“Make that two” says Viv. I’ve been drinking this Trotters Ale since coming on board and I must admit I really like it now although it did take some time. “So for tea Gordon it’s Bat Shit on toast or Kanck’s gizzard sandwiches?” smiles Viv.
My jaw drops and the bar erupts in laughter, hmm, Inner Cyberians, a tricky lot.
We enjoy a few more ales and I’m feeling quite relaxed but there is something that has been puzzling me. “ Viv” I explore, treading carefully, afraid to be thought of as mad “ Look in the last episode someone spoke to me about getting on with it, I thing the name was Hung”
“ Oh, Hung” reveals Viv, full of knowledge “ Hung’s the author of this story. Look see that screen over there, and how you can see a faint image of a person typing at the keyboard, well that’s Hung”
“ Author, story, you mean I’m not real but simply a fictitious character.” I blurt confused as to what’s going on.
“ Of course you are real Gordon. Everyone that reads this story knows you created the universe and this website has over 450,000 hits so mate you are very real” asserts Viv.
“ But he spoke to me” again my anxiety rising.
“ And yeah, you can speak to him any time but it must be inside closed brackets like this . If you don’t like something or have a suggestion on the story just type you request inside closed brackets and Hung will talk to you” says Viv. “ Here I’ll show you”
[Hey Hung, great gag about the bat shit on toast]
[Thanks Viv. Gordon may need some sedation later till he understands]
[Yeah, he’s a bit wet behind the ears but I think we can work with him, I mean he likes beer for starters]
[Hung, Gordon here, am I real?]
[As real as anything else in this universe. Don’t worry, any concerns just talk to me. My closed brackets are always open to you.]
“Lillie approaches from the Vulture Street End, Boycott pads up, its bowled him, Boycott’s off stump knocked out of the ground, no shot offered, can you believe that……”, the lounge room roars into action, grown men cry, dogs bark, people flood the street tossing hats in the air rejoicing, backs are slapped, beers are poured, babies are conceived, this is summer this is cricket, this is heaven, their best batsman bowled without offering a shot, life doesn’t get any better than this, ah yes, cricket where the only thing better than cricket is more cricket.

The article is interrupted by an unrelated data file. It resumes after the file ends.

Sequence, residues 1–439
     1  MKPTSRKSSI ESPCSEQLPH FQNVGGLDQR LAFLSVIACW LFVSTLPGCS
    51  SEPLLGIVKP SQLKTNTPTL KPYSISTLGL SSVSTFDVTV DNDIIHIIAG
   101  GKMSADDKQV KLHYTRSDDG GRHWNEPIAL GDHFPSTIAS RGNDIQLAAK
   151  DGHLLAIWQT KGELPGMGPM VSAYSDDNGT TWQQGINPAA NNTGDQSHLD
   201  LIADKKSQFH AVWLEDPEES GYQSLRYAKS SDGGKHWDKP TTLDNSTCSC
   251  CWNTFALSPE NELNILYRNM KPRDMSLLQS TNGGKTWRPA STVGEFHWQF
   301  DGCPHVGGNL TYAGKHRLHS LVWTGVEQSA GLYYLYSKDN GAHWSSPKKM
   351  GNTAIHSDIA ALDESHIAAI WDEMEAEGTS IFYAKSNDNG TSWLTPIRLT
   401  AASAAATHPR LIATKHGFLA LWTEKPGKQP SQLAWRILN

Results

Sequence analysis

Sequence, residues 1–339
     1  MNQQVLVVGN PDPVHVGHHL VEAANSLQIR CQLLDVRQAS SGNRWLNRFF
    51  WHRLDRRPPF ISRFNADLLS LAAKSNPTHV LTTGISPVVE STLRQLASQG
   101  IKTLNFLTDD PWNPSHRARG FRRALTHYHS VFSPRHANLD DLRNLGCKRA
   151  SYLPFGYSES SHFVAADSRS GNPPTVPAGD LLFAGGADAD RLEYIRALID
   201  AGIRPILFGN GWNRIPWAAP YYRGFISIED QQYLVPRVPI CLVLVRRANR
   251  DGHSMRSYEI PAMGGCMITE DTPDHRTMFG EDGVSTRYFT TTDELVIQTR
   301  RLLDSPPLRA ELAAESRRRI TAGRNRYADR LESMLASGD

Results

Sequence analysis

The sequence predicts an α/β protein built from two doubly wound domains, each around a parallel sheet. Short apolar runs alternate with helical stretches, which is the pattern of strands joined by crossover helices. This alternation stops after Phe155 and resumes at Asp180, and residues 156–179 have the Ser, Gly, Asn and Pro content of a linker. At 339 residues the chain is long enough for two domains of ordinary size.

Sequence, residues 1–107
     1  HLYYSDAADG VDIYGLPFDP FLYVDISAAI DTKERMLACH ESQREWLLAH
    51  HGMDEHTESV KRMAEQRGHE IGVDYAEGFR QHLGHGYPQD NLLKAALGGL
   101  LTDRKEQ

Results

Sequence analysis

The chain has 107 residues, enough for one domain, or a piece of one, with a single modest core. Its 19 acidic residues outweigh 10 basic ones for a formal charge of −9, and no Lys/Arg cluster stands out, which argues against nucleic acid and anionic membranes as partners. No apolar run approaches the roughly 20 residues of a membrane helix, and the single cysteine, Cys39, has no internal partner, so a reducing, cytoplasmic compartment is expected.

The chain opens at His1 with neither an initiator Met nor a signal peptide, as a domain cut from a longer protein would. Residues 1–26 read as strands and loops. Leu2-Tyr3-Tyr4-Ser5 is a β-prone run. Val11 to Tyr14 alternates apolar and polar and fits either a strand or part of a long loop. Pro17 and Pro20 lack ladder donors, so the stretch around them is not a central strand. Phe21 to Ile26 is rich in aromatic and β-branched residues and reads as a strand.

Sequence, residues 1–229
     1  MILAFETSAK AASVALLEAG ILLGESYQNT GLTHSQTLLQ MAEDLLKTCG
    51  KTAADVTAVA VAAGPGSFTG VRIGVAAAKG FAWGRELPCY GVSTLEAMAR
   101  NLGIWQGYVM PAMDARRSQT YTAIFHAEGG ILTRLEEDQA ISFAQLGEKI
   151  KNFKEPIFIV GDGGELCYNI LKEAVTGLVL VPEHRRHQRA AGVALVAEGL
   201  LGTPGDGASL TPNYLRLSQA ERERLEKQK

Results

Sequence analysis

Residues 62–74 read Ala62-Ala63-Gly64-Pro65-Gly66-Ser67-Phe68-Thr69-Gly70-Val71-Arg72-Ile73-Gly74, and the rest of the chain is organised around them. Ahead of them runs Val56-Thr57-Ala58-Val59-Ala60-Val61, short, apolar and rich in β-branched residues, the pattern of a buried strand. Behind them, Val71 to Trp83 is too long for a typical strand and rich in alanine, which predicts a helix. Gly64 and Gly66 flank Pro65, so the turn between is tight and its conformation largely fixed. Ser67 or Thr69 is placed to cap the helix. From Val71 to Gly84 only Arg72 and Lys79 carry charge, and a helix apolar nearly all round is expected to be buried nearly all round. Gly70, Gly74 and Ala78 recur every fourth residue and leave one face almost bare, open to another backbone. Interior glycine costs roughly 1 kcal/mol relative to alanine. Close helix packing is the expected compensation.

Yes cricket, the one true national game. Forget your football codes cricket is life and life is cricket. Understanding cricket is easy. Get more runs then they do, simple. Nothin’ too hard bout that. And yes the culture, the joy, the atmosphere, its quasi-religious and coming from an atheist that’s saying something.
As a kid growing up in Wollongong all my mates played cricket and for me batting, bowling or fielding I couldn’t care less, just playing the game was all I needed. Weekends were cricket in the juniors Saturday morning, Grade in the afternoon. Sunday morning surf then when the nor’easter came in cricket in the park with me mates. Mum had to come and get me for tea as the sun had set ages ago. She’d call out from the street “Mark, get home, it’s as black as, tea’s on the table, how can you see that ball anyhow?”, “But Mum, a century beckons”, I always wondered why mum called me Mark when my name’s Hung, anyway some thing’s are a mystery.
My Dad, an Englishman tolerating us colonials, would get the bus to the bottom of Bulli Pass then from the roadside would hold up a sign “SCG”,
someone would always pull over and give him a lift. I was too young to go along at first but then my initiation came, the SCG, the hallowed turf, the smell of the freshly cut grass, the crowd, the banter between the Poms and the Aussies, always witty, never violent or abusive and supporters of both sides could sit together and barrack for their team. Mum would pack ham and mustard sandwiches and Dad would shout an ice cream, bliss.
Then as a young man going to the test with my mates, eskies full of beer, pies and hotdogs, hot chips and seagulls. Doug Walters would stride out and the crowd would erupt, “Dougie, Dougie” we’d chant. If he got a boundary the noise was deafening, all of us would rise as one, “You bewdy”. Then tragedy, Dougie caught in the covers, “Poms can’t field, how’d they catch that “.